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Arden Bucholz. Moltke and the German Wars, 1864-1871. European History in Perspective Series. New York: Palgrave Macmillan, 2001. ix + 240 pp. Maps, notes, bibliography, index. $69.95 (cloth), ISBN 0-333-68757-4; $23.95 (paper), ISBN 0-333-68758-2.

Reviewed by Jonathan Grant, Department of History, Florida State University.
Published by H-Diplo (May, 2003)

Knowledge is Modern Military Power

The wars of German unification stand out in military history as perhaps the first pre-planned wars, and it is precisely that aspect of looking ahead that occupies center stage in Arden Bucholz's book. The author's stated purpose is "to describe and analyze the German wars within organizational, knowledge and learning theory [... and] to describe the impact of increasing demands for knowledge on the practical task of war fighting. As size, space, and time considerations burgeoned, as technologies changed, the bonding of war with knowledge was one way through" (p. 9). The proposed contribution is one of approach rather than content. Bucholz evaluates the Prussian General Staff as a knowledge organization. In that vein, a more systematic use of organized knowledge promoted more specialized personnel and led to greater organizational complexity. Meanwhile, real power passed to those who had the knowledge to make the decisions. It was this knowledge-based power that transformed the Prussian General Staff from a small, relatively obscure department under the War Ministry into the new locus of decision-making for the regular army. Similarly, the new demands opened the door for the new type of modern, technocratic, professional officer. To enhance learning, the Prussian Army introduced competition and conflict into its educational process by inventing war games. The gaming scenarios made it possible to identify problems and to correct them by changing or modifying the organization itself. The Prussian Army showed itself as a learning organization through its growing recognition of the importance of continuing education. The author points to the use of topographic map sets, historical essays, intelligence reports on foreign armies, proposed war plans, and regular sequential war games as examples. Thus, Bucholz fairly credits Prussia with creating the four main core competencies of twentieth-century warfare: organizational, representational, educational, and analytical.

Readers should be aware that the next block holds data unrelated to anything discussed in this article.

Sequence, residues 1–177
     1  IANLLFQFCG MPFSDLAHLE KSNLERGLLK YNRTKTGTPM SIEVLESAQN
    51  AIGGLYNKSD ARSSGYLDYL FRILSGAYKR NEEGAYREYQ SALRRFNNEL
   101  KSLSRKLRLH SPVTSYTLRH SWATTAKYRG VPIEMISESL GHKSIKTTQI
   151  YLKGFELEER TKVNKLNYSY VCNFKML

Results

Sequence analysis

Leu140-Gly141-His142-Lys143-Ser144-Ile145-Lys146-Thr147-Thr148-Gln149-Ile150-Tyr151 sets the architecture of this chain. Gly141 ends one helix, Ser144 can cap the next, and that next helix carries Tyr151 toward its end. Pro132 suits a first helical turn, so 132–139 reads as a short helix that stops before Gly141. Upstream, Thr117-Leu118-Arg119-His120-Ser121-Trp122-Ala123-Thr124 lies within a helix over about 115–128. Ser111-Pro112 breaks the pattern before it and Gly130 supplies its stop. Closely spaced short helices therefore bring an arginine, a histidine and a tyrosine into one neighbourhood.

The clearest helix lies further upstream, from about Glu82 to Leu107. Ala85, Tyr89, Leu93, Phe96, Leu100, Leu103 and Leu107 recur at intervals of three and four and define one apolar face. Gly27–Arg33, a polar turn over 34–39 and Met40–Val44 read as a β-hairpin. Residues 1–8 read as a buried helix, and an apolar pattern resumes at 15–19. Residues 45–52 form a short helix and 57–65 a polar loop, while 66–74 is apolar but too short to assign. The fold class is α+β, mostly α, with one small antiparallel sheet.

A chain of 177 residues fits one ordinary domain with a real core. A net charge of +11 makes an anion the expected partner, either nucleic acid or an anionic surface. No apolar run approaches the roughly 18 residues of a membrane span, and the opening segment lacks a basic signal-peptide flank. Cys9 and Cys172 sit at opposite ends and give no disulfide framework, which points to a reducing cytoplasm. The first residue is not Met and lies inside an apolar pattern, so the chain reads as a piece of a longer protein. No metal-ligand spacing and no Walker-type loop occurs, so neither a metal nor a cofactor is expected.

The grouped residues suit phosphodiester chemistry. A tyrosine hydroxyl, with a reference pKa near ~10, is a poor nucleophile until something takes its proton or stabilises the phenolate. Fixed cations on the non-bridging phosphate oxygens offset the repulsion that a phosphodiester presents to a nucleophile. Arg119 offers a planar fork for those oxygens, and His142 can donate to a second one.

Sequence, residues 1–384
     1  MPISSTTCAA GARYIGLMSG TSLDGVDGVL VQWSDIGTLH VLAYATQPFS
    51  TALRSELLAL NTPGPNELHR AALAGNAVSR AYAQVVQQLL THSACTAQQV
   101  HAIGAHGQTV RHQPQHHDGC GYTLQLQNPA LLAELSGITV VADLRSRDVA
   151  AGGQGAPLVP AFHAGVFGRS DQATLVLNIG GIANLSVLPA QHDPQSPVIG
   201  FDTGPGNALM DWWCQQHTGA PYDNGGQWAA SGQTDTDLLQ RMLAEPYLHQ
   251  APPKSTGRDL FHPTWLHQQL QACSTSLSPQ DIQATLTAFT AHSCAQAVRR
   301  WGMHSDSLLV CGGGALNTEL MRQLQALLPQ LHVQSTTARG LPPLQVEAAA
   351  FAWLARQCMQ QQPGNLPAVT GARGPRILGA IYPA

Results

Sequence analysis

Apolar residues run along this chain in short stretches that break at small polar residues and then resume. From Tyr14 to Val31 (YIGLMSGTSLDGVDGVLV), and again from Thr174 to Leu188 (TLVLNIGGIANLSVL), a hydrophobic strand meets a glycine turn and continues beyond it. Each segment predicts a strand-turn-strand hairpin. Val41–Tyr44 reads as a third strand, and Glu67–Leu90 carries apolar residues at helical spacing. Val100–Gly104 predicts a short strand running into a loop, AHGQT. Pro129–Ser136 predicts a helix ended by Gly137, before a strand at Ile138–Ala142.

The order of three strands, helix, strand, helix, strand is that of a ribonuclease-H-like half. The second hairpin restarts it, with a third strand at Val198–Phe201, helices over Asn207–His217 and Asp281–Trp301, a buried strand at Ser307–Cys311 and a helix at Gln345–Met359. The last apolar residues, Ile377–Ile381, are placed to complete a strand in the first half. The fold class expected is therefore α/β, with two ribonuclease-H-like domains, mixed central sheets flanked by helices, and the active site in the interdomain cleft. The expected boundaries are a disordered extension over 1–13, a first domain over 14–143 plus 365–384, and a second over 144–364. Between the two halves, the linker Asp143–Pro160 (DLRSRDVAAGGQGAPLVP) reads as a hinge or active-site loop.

What the author offers is an explanation of the German General Staff as a product of Moltke's unique experiences and mental outlook. The pieces were there, but it took Moltke to assemble them and in the process create an institution that could teach itself. Learning from the highly problematic Prussian mobilization in 1850, Moltke concluded that all troops should be at home garrisons before mobilization, and this required a special alert period prior to declaration of war. More importantly, Moltke's concept of risk management proved vital to the development of Prussian war planning by creating margins for error that allowed a cushion of time and space for the army.

Bucholz has another goal, namely to dispel the stereotypes of Prussian militarism and to rehabilitate the Prussian General Staff from the long shadow of 1914 and 1939. By emphasizing the General Staff as a learning organization rather than as a purely military institution, the author makes it appear more like a civilian establishment. Similarly, the discussions of Moltke as an artist and intellectual rather than strictly as an army officer show him as a well rounded individual. In this way Bucholz rejects any interpretation that draws a straight line of inevitable, aggressive intent in General Staff war planning between the wars of German unification and the two world wars simply because the Germans had learned how to plan for future wars under Moltke. Thus, the author disassociates the later negative aspects from Prussia's positive contribution to the world's modern military science.

Specialists in German or European history generally will not find much to chew on in this book. While it is all well and good to point out that we should not read history backwards and instead take the Prussian army at the time of unification on its own terms, the point could have been made succinctly in an article. The information is not new, and the theoretical framework of knowledge and learning theory does not contribute significant insights. The book would be more useful as a teaching tool for undergraduate courses in European military history, or general nineteenth-century European history.

Document compiled by Dr S D Stein
Last update 24/02/04 12:23:59
Stuart.Stein@uwe.ac.uk
S D Stein

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